In Insidious, which opens this weekend, there is a great deal of prowling motion: a recurring sideways dolly outside an ominous house, a trench-coat-clad cacodemon pacing outside a second-story window. It's the restless motion of a movie stalking its prey--you, dear viewer.
A married couple, Josh and Renai (Patrick Wilson and Rose Byrne) have just moved into their new home, its light-absorbent dark-oak interiors suiting director James Wan's aversion to bright color. The boxes aren't yet unpacked when one of their sons, Dalton (Ty Simpkins), drops into a medically inexplicable coma.
The beep of his EKG monitor joins the sound-design orchestra, and is
shortly followed by more incomprehensible noises: a salivating
speaking-in-tongues coming over the baby monitor, the most
teeth-grinding burglar alarm on the market announcing a burst-open door
with no one there.
As symptoms of a full-blown haunting pile up, Wan and screenwriter Leigh
Whannell smartly maintain a measured ratio of supernatural to everyday
horror (a couple noticing together that they are no longer quite young,
Dalton's nurse explaining the workings of a gastro-nasal feeding tube).
Insidious continues the partnership that Wan and Whannell began at the
Royal Melbourne Institute of Technology's film school, which was
vindicated by the success of their handmade, dingy, low-budget Saw
(2004)--a surprise hit whose inventiveness has since been overshadowed by
the diminishing returns of its farmed-out sequels.
Their latest contains more prickly, scalp-crawly moments than any other
mainstream horror release in recent memory, filled with slow-approach
build-ups that give you plenty of time to anticipate something awful,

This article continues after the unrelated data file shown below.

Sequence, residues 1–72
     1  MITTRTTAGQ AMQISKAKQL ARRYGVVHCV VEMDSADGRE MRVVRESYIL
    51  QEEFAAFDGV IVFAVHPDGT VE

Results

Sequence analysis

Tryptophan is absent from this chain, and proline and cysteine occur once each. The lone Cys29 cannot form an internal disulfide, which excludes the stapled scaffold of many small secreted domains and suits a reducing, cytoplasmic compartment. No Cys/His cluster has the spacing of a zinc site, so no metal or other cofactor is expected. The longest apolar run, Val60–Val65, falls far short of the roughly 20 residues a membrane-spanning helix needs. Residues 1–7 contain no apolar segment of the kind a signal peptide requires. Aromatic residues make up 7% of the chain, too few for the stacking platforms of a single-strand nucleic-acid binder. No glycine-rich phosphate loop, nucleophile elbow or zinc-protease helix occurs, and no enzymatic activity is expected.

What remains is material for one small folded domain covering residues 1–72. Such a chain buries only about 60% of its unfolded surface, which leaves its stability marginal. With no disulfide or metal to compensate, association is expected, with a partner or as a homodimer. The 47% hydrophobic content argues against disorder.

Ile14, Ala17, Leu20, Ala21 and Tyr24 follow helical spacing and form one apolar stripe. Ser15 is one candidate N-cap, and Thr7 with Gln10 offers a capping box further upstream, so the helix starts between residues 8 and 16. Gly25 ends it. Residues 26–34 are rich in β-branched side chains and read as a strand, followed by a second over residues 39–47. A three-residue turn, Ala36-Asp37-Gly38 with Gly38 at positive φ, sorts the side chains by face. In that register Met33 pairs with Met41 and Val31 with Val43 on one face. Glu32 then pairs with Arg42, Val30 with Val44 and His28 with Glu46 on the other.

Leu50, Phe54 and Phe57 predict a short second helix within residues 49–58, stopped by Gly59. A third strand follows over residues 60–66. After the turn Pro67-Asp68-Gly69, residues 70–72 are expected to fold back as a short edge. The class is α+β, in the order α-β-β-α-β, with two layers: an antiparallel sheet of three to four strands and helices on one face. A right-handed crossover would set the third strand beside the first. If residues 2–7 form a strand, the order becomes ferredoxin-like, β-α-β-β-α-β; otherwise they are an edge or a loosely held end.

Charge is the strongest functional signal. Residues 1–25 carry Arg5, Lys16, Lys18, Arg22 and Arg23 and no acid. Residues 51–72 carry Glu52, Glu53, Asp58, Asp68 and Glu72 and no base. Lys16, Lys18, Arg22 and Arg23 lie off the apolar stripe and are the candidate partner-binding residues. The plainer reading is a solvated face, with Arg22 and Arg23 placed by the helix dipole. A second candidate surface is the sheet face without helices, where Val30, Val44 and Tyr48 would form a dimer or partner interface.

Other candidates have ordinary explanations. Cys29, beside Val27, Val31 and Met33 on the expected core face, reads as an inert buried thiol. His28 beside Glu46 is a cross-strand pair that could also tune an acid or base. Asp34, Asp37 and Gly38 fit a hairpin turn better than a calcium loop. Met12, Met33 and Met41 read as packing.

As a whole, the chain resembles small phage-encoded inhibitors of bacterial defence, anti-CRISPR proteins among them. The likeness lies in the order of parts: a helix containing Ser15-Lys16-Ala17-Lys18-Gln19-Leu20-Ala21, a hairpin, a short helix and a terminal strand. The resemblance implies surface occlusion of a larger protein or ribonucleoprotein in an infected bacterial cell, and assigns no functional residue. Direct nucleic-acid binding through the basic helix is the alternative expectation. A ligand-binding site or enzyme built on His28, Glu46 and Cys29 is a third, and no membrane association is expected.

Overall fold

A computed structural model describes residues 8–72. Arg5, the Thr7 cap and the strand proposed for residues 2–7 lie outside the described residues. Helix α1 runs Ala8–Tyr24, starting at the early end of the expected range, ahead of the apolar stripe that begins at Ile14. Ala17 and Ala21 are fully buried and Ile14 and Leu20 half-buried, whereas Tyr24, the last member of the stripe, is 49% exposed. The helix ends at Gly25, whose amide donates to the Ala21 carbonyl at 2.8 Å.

even if that preparation doesn't do you a bit of good.
At times, watching Insidious is like floating through the
chronologically arranged displays in a Museum of Haunted-Movie History.
You see Herk Harvey's blanched ghoul from Carnival of Souls, pass the
scampering little It from Don't Look Now, then enter an entire wing
devoted to Poltergeist, with Dalton the imperiled child stuck between
worlds, and an intervening medium who guides us through the rules of the
Insidious's Zelda Rubinstein part is played by redoubtable character
actress Lin Shaye, who explains that Dalton's astral-projecting soul is
lost in an ether called "the Further"; until the boy's spirit is fetched
home by Dad, the harassing bogeys can't be escaped by simply calling up
Voyaging into the Further, Insidious pays self-homage to what is
recognizably Wan and Whannell's own silly-surrealist sensibility.
Everyone brings their own set of phobias to the movie theater. If
age-curled formal family photos and Tiny Tim's "Tiptoe Through the
Tulips" falsetto are among yours, you will experience no slackening in
But if you screamed--with laughter--when Saw's "Billy" puppet first
wheeled out on his tricycle, then this bric-a-brac of mothballed
creepiness will not ruffle your psyche. We need visionaries--but also
solid craftsmen who seem to enjoy their work. Insidious is the product
of the latter. It doesn't build a better haunted house but, when on its
game, reminds us of the genre's pleasures.
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